Health Highlights: Feb. 10, 2016
Johns Hopkins Set to Perform First HIV-Positive Organ Transplant in U.S. Supreme Court Blocks Coal-Fired Power Plant Emissions Rules Utah Bill to Remove Taxes on Feminine Hygiene Products Going Before All-Male Committee
Here are some of the latest health and medical news developments, compiled by the editors of HealthDay:
Johns Hopkins Set to Perform First HIV-Positive Organ Transplant in U.S.
The first kidney and liver transplants between HIV-positive donors and patients in the United States will be conducted at Johns Hopkins.
Advocates of these types of transplants say they will help save HIV patients lives and shorten organ donor waiting lists for all people who need a transplant, The New York Times reported.
Each year, organs from 500 to 600 HIV-positive potential donors go to waste, but these organs could save the lives of more than 1,000 people, according to Dr. Dorry Segev, an associate professor of surgery at the Johns Hopkins University School of Medicine.
Such transplants were banned in the U.S. until November 2013. Johns Hopkins received approval in January from the United Network for Organ Sharing and is ready to conduct an HIV-donor to HIV-patient transplant as soon as a suitable organ and recipient are available, The Times reported.
Supreme Court Blocks Coal-Fired Power Plant Emissions Rules
President Barack Obama's efforts to fight climate change were dealt a blow Tuesday when the U.S. Supreme Court temporarily blocked regulations to limit emissions from coal-fired power plants.
The stay came after a 5-4 vote and was issued as an appeals court considers a challenge against the regulations from 29 states and a large number of corporations and industry groups, The New York Times reported.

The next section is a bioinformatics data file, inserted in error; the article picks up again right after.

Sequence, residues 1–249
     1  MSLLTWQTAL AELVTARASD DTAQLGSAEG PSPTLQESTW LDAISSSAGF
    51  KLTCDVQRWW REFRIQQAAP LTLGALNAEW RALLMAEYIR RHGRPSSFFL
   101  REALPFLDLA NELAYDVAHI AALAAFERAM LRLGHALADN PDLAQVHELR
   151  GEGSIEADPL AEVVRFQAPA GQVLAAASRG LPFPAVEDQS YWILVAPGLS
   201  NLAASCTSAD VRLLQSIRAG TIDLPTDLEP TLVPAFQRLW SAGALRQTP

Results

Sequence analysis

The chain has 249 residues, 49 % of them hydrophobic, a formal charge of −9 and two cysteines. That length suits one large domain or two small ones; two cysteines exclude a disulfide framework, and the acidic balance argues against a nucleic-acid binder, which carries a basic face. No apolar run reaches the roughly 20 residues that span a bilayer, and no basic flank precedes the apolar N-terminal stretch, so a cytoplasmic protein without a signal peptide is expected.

This is the first time the Supreme Court has granted a request to suspend a government regulation before it is reviewed by a federal appeals court.
"It's a stunning development," Jody Freeman, a Harvard law professor and former environmental legal counsel to the Obama administration, said in an email to The Times.
The "order certainly indicates a high degree of initial judicial skepticism from five justices on the court," and will raise serious questions from other nations that signed the Paris climate change pact in December, Freeman added.
The legal challenge is likely to return to the Supreme Court after the appeals court makes its ruling. But the fact that the Supreme Court issued the stay while the appeals court is still hearing the case suggests the regulations could face defeat, The Times reported.
A statement from The White House said it disagreed with the Supreme court's decision and remained confident that it would eventually be successful. "The administration will continue to take aggressive steps to make forward progress to reduce carbon emissions," the statement said.
In January, a three-judge panel of the United States Court of Appeals for the District of Columbia Circuit unanimously refused to grant a stay against the coal-fired power plant emissions regulations. The court will hear arguments on June 2, The Times reported.
The first deadline for emissions reductions are scheduled to take effect in 2022.
Utah Bill to Remove Taxes on Feminine Hygiene Products Going Before All-Male Committee
A bill to eliminate taxes on tampons and other women's hygiene products in Utah will be heard this week by an all-male tax committee in the state's House of Representatives.
The bill also seeks to remove taxes on adult incontinence products and children's diapers. By including these items, Rep. Susan Duckworth hoped her bill would get more support in the Republican-dominated state Legislature, the Associated Press reported.
"I'm going into an all-male committee, and I just don't believe they're going to have much sympathy," she said.
Duckworth said the bill could save people who use these products at least $30 a year in taxes. But Utah's legislative budget staff estimates that eliminating the sales tax on these products could reduce tax revenues by more than $1 million next year, the AP reported.
Pennsylvania and Minnesota are among at least five states that have done away with these taxes, and similar bills have been introduced in a number of other states.
In an interview with a YouTube blogger last month, President Barack Obama said he had no idea why feminine hygiene products were taxed, the AP reported.
Last year, Canada eliminated taxes on feminine hygiene products, and Britain is considering a similar move.